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Engineering a cleaner, healthier campus

student and Jason Robinson making stands
CDME Engineer Jason Robinson (right) works with undergraduate students at CDME to design and produce sanitizing stands.

As the COVID-19 pandemic began to take hold, Jason Robinson couldn’t have predicted his mechanical engineering skills playing a role in Ohio State’s reopening.  

That was before he led a project by the Center for Design and Manufacturing Excellence (CDME) to design and produce 1,500 stainless steel sanitizing stations placed all around campus.  

“CDME is really a group of seasoned engineers who bring a lot of expertise from a large variety of backgrounds,” said Robinson, a lead engineer at CDME. “And sometimes that expertise is just knowing how to get things done quickly.  

“For this one, we knew we were accommodating something very important. We wanted to be part of the solution for making sure the opening was safe. Getting the opportunity to help was really encouraging. I know everyone who worked with me felt the same.” 

The project began mid-summer when the Department of Facilities Operations and Development was struggling to find sanitization stands to buy. Everywhere that sold them was either sold out or charging high prices. In fact, the university was faced with spending as much as $2 million to outfit the campus.  


So Nate Ames, CDME’s director who is on Ohio State’s production support task force, suggested that his team create the stands for the university’s needs. Once the idea was approved, Robinson and his team came up with a design, ordered the materials and began fabricating and building the stands.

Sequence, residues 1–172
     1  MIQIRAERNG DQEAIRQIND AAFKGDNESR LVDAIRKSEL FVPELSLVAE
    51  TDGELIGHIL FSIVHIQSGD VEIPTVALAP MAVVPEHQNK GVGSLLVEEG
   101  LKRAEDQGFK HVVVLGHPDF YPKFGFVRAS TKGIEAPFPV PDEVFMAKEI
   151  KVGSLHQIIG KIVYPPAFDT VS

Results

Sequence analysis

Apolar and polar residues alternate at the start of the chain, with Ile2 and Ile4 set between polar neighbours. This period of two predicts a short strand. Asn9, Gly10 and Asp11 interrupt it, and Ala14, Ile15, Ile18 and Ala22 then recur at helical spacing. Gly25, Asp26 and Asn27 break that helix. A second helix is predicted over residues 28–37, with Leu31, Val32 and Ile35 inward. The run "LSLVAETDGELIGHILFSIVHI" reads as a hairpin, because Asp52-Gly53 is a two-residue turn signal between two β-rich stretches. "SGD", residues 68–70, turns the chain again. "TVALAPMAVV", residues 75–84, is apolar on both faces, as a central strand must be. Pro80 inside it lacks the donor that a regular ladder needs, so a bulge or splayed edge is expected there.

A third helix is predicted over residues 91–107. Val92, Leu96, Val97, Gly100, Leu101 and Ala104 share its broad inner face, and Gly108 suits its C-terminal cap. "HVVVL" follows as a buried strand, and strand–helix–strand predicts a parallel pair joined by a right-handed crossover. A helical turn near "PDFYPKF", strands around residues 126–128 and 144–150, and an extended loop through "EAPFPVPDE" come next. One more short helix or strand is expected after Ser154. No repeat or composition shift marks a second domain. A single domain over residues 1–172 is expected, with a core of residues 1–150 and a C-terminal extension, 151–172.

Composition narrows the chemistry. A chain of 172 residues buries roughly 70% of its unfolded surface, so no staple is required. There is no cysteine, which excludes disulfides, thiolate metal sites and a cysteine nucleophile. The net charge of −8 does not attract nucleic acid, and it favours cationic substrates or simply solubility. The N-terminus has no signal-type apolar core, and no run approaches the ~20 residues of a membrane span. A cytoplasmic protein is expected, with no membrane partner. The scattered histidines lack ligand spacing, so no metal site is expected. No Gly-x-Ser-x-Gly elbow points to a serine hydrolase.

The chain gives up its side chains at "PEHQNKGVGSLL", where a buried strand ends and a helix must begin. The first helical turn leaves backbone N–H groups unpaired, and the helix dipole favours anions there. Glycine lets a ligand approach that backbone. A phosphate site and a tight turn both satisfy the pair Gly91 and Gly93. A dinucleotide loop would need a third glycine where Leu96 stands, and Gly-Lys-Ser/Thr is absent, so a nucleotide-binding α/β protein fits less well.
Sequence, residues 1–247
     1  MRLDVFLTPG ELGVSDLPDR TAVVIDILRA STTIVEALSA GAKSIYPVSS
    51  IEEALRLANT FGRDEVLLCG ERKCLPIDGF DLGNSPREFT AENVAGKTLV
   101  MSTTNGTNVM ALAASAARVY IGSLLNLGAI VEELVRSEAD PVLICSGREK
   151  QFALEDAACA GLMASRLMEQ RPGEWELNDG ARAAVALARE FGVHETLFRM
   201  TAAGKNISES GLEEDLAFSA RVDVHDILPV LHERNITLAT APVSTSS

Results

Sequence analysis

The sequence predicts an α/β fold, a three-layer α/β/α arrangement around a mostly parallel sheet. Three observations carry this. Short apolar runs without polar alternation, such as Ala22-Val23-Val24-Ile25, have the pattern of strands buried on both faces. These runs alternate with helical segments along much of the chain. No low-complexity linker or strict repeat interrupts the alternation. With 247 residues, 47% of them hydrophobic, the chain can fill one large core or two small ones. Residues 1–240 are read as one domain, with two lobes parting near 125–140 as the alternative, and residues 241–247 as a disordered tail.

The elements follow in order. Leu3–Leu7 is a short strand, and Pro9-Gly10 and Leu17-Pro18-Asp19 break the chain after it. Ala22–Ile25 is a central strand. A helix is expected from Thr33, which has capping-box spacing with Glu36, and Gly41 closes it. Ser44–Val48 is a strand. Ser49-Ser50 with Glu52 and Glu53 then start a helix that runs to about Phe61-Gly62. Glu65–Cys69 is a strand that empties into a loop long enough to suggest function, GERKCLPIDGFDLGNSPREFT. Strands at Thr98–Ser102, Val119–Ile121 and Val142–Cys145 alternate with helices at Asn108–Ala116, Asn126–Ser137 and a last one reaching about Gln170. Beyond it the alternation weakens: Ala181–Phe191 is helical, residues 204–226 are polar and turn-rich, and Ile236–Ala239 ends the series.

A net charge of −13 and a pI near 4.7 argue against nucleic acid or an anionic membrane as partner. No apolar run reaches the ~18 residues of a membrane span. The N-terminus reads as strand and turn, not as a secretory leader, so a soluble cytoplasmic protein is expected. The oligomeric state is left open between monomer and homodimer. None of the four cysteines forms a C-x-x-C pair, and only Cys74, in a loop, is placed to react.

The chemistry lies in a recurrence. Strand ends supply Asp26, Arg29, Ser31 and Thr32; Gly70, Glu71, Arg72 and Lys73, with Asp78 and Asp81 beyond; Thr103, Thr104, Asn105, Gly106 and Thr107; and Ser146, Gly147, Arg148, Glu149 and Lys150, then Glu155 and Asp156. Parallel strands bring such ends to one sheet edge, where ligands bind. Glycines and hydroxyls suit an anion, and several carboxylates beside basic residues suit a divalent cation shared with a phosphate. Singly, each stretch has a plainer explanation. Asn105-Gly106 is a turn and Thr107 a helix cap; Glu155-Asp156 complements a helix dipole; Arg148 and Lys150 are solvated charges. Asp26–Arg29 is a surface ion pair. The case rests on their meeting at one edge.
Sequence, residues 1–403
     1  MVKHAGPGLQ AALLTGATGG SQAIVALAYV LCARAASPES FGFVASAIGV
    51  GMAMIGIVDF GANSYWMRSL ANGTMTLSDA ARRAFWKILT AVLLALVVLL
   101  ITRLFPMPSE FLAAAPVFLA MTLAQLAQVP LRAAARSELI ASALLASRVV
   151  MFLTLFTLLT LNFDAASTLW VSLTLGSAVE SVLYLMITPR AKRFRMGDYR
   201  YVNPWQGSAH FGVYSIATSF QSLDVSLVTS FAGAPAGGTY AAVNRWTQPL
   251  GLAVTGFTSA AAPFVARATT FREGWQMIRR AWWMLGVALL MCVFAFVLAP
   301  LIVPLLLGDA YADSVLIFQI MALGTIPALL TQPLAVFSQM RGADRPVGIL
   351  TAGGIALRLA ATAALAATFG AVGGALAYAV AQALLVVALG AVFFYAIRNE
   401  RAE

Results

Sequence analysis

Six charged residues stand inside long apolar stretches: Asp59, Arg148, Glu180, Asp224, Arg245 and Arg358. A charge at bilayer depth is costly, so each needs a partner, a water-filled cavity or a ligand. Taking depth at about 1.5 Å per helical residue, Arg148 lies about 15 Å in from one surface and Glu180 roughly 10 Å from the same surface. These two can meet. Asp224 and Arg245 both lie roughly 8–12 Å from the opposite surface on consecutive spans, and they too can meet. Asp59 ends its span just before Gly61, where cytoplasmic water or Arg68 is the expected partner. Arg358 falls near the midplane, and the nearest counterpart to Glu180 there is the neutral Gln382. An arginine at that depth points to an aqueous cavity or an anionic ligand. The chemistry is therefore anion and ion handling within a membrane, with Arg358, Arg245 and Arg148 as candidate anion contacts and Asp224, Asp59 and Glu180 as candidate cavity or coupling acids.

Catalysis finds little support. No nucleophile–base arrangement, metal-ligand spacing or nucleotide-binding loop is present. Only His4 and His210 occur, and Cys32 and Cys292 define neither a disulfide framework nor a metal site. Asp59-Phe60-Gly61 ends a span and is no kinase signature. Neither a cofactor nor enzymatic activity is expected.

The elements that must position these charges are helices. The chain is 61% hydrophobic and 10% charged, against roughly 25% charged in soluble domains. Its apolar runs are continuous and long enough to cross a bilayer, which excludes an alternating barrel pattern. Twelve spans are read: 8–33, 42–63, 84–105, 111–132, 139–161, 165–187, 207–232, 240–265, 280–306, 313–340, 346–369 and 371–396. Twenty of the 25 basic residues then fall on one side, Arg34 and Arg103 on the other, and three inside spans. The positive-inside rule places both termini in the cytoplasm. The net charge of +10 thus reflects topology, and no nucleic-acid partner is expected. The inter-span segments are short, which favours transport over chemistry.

CDME’s team of engineers and students first produced 230 stands for the recreational facilities around campus. A few weeks later, they had created more than 1,400 stands that were placed in buildings from academic buildings to residence halls.  

Each sanitizing stand costs less than $100 and is designed for long-term use. When COVID-19 is over, the strong, stainless steel material and design will allow for uses such as wayfinding in buildings or outside for football games, crosswalks or university tours.  

“We wanted to do this in a way that adds long-term value to the university,” Ames said. “Once coronavirus has passed, we didn’t want to just take them to a landfill. 

“It was a good project to be part of. We saved the university a ton of money, and we got a bunch of students involved who now have hands-on experience in crisis mode doing production. And the stands turned out awesome. They look like what you’d expect a university of Ohio State’s caliber to have.”  

CDME also has been working with Ohio State experts as part of a national team to develop solutions for health care workers at the Wexner Medical Center as well as across the United States. CDME helped ramp up production of 3D printed COVID-19 testing swabs for the Wexner Medical Center and created ventilator splitters to allow more intensive care patients access to ventilators. The team also helped develop an “aerosol box” to protect health care professionals when treating patients.  

“My lesson learned out of this pandemic has been the value Ohio State offers to the state of Ohio and the nation,” Ames said. “With every one of those projects, you go home at night feeling like you did something important, that your value to the global community is better today than it was yesterday. And I think students and staff absolutely feel that.”

from the Together As Buckeyes web site

Categories: COVID–19Students